Nothing Old School About this Corner Store
Zahra Dhanani never imagined she would become the owner of a convenience store.
She’s been a lawyer, social justice advocate, community activist — and even a DJ, organizing monthly Funk Asia nights.
But since last year, she and Mariko Nguyen-Dhanani, partners in love, life and business, have become the proprietors of a little corner store in East York.
Working 16-hour days for more than 400 days (they’ve just recently hired some part-time staff), the two women have a vision of turning their business at the corner of Lumsden and Westlake Aves., into a community gathering place.
Regulars are already coming in for daily lattes, along with cigarettes, bread and milk, but also unique gifts, local produce in warm weather and handmade goods featuring iconic images of Toronto.
But they have plans to turn an empty attached warehouse, which currently has no plumbing or electricity, into a space to show movies, borrow books or hold private gatherings – complete with a green roof and living space for the couple.
This business adventure wasn’t planned. Dhanani was working as a legal adjudicator and Nguyen-Dhanani was working for a company that installs water meters for the city.
They dreamed of moving into a loft-like space when Nguyen-Dhanani stumbled across an Internet listing for the store and warehouse. They didn’t act right away, mulling it for sometime, but when they decided to go for it, an offer was quickly made and the deal closed quickly.
When asked why they decided to open a corner store, Dhanani makes it clear that she doesn’t like the connotation that the words “convenience store” or “corner store” brings up.
There’s the image of a dingy old store, often owned by immigrants, like the Korean family featured in the CBC television show Kim’s Convenience.
The irony isn’t lost on either of them – how these small businesses provide a lifeline to new immigrants, giving their children a lifeline in a new country.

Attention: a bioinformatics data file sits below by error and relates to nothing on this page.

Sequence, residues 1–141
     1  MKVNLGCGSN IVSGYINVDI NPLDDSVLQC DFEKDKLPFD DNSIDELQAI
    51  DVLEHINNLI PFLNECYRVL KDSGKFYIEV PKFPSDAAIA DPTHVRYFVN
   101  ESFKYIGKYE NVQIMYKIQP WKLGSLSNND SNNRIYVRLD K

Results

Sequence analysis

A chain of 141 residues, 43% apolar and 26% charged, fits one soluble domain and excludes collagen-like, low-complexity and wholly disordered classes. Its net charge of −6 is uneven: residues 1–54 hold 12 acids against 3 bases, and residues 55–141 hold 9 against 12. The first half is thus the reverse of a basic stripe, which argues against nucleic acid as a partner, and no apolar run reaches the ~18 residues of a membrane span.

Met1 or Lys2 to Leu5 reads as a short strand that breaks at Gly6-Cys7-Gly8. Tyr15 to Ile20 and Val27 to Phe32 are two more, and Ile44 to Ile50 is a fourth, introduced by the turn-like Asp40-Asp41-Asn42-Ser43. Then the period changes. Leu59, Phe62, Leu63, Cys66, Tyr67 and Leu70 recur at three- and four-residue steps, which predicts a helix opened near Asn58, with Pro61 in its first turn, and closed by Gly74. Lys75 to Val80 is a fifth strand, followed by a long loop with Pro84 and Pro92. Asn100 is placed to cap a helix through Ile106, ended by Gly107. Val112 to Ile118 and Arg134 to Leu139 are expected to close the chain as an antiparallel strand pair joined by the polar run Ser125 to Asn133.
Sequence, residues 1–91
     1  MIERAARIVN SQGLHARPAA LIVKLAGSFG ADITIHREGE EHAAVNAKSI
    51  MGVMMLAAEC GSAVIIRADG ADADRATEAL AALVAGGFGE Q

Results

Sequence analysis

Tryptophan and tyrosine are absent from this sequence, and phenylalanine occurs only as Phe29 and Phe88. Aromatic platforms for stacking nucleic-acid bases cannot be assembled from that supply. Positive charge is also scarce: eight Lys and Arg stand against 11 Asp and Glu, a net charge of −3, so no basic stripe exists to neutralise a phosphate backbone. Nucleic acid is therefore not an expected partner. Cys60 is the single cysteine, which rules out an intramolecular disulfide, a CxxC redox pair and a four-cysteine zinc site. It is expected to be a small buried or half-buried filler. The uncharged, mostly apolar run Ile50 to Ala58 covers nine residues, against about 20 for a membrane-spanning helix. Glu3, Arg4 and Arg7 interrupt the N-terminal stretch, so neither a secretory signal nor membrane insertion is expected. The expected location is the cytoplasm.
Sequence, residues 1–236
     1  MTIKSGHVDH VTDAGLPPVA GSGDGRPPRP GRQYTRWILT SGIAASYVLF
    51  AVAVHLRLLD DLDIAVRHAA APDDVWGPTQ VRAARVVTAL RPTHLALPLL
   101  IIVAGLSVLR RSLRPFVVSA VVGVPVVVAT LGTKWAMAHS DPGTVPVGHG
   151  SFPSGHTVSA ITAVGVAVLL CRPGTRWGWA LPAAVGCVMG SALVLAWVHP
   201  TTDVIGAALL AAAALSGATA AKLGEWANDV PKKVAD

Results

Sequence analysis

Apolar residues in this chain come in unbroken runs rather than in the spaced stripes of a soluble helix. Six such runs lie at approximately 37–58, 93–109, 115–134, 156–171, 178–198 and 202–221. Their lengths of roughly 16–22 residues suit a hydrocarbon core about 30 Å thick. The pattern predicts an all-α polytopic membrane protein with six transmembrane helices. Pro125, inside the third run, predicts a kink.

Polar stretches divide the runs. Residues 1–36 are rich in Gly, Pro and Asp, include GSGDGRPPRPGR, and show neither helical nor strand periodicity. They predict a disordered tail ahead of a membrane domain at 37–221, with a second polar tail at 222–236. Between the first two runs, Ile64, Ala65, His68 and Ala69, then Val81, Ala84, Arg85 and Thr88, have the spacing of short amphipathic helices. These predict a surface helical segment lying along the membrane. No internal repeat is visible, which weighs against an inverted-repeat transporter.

Dhanani emigrated as a young child from Tanzania with her parents, while Nguyen-Dhanani’s parents emigrated from Vietnam and Japan. And now they have knowingly sought out a job that for many immigrants was their only option.
“They worked and toiled only for us to work and toil,” Dhanani said. “We know how humble and unassuming a lot of immigrant families are.”
“I never wanted to own my own business,” said Nguyen-Dhanani, who has seen the challenges up close, working as a pastry chef. “It’s hard to take a vacation. It’s your baby. I had my worries.”
But for them, this store is more than just a business. They are trying to create the atmosphere of a general store – or trading post – that was once the gathering spot where people would travel from kilometres around to pick up basic rations.
It is reflected partly in the name: the Old’s Cool General Store. The couple was trying to come up with a name that was different. Dhanani, a huge fan of rap music, wanted something you know, old school — honouring the New York rap scene.
They also wanted a vintage feel. They toyed with the name Old School, and even “Old is Cool,” but Old’s Cool stuck, though an outside mural still shows the initials D and K, when it was known as D+K Convenience, owned by two brothers Dimitri and Kostas, who ran a butcher shop there.